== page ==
There's been a decision on education in Guernsey - a review of secondary education will take place, before the rebuild of La Mare begins.
Rob Moore has this report:
Guernsey's Education Board has welcomed the States' decision to conduct a review of secondary education, after which the La Mare rebuild is expected to go ahead:
Education officials have less than a year to carry out a top-to-bottom review of all of secondary education in Guernsey.
The Education Department has committed to look at the size and number of schools and the 11+ selection system by March, if it wants to keep the redevelopment of La Mare De Carteret on track.
Tendering for the rebuild will carry on while that review is carried out.
The Education Minister is confident they can meet the deadline and complete the redevelopment by 2018.
But the review raises huge questions for other schools, with the Grammar School PTA saying they are already seeing parents move their children to the fee-paying colleges specifically to avoid the uncertainty.
A major consultation will have to get underway soon, calling for parents, teachers and pupils views on a wide-range of issues affecting secondary education.
Politicians in Guernsey have voted to delay the rebuilding of La Mare De Carteret, until a review into secondary education on the island is complete.
The deadline for this is March 2016.
Education appear to have pulled a u-turn in the fight over rebuilding La Mare De Carteret schools.
They have proposed a change to their own plans which would require them to bring back a report by March next year reviewing the future of secondary education including the size and number of schools.
Education say it provides certainty and avoids a delay in starting the building work, and they will tender for both a 600-capacity high school and a 960-capacity high school, allowing two options depending on what the States decide in March.
But already questions are being asked about how the construction start date can be guaranteed if the rebuild is dependent on a future States resolution.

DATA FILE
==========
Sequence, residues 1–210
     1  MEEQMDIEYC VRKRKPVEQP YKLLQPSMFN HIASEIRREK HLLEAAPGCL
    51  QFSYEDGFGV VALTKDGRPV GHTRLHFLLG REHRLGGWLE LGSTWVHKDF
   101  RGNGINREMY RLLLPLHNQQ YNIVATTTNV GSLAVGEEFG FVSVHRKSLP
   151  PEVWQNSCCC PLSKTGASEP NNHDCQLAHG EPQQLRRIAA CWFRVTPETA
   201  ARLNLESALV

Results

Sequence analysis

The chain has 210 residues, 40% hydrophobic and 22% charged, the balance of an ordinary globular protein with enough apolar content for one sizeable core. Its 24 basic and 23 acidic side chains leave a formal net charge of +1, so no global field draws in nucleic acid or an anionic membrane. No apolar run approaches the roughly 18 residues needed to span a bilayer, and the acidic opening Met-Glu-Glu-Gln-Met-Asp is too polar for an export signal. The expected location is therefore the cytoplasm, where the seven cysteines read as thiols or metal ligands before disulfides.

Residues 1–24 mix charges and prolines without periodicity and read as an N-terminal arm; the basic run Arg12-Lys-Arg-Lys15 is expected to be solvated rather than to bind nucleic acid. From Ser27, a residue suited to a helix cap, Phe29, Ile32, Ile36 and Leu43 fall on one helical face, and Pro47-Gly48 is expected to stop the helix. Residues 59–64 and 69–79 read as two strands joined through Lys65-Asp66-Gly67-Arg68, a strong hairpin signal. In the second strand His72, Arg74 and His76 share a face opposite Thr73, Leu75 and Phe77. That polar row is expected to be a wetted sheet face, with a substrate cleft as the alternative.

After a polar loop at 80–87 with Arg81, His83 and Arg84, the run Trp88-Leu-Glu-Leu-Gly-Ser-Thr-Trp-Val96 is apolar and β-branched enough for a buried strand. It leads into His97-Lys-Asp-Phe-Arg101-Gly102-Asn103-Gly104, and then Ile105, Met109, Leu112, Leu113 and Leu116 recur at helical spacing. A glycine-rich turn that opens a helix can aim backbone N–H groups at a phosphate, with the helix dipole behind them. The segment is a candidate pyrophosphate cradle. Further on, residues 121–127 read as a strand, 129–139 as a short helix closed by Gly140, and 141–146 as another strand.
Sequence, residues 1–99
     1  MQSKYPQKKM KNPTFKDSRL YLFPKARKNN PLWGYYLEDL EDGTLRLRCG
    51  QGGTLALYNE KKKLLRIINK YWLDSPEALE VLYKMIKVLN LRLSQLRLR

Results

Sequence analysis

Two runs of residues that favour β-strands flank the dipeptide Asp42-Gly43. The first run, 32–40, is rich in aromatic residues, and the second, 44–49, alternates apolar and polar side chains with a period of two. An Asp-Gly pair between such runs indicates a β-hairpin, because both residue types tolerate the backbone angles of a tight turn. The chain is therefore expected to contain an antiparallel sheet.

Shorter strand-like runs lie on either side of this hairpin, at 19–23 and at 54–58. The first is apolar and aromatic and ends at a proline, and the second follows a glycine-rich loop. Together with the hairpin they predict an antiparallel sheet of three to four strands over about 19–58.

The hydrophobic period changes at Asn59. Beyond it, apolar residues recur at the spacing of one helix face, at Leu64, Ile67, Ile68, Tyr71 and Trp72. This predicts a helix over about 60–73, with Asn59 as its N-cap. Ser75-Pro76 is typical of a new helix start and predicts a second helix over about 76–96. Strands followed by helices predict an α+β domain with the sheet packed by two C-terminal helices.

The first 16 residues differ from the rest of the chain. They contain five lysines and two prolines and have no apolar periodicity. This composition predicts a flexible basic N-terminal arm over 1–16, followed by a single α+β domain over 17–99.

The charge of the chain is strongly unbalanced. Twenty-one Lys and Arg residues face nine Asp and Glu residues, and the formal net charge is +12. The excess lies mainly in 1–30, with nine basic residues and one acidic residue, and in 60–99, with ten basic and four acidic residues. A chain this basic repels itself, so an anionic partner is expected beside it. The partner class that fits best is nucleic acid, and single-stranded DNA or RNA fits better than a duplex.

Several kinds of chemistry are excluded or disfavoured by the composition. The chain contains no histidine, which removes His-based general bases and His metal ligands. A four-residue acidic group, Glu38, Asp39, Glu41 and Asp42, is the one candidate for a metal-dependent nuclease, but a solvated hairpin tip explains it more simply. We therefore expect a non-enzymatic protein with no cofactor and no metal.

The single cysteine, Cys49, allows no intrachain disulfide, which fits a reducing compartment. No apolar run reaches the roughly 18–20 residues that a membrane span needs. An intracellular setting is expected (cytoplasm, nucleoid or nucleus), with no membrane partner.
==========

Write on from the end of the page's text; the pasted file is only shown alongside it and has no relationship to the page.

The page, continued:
Yesterday Education rejected calls from politicians to carry out a very similar review, arguing that a failure to approve the building work now would likely mean further delays to the project.
Deputies are debating the new plan from Education this morning and will vote later today.
Our reporter Rob Moore is at the meeting:
A compromise deal on the La Mare de Carteret rebuild is expected this morning.
The deal could satisfy both Education and Treasury officials who are divided on the £60 million redevelopment.
Deputy Ellis Bebb's calls for a wider review of secondary education, before the rebuild goes ahead, were rejected by states members yesterday.
The amendment to the Education Department's proposals lost narrowly by 24 votes to 21.
It's not clear if the new deal will address some of the concerns raised by the Treasury or Deputy Bebb, who said a recent independent review into the redevelopment plan left too many unanswered questions.
Deputies have rejected a call for a review into secondary education to be carried out before the La Mare rebuild takes place.
The amendment, tabled by Elis Bebb, lost by 24 votes to 21, at today's meeting.
Now, it's the Treasury and Resources Department's turn to propose their amendment - they want the States to commit to reducing the number of schools on the island, before beginning the La Mare rebuild.
Parents and students in Guernsey could find out today if their school will be rebuilt.
It’s the second day of a formal States debate over whether tens of millions of pounds should be spent on the Le Mare De Carteret project.
Politicians will debate calls for a wider review of education in the island, including the role of the 11 plus selective system and the number and size of schools.
The Treasury and Resources Department wants politicians to agree to close at least one school before the rebuild is allowed to go ahead, but the Education Department says it is vital now.
Politicians in Guernsey have begun debating the future of education on the island.
There have been concerns over whether the redevelopment of La Mare de Carteret will happen - with more than 40 emails sent to the Treasury.
But the Treasury and Resources Deputy says the people who sent the emails are "ranters and ravers" who do not understand the situation.
And he says the redevelopment will go ahead: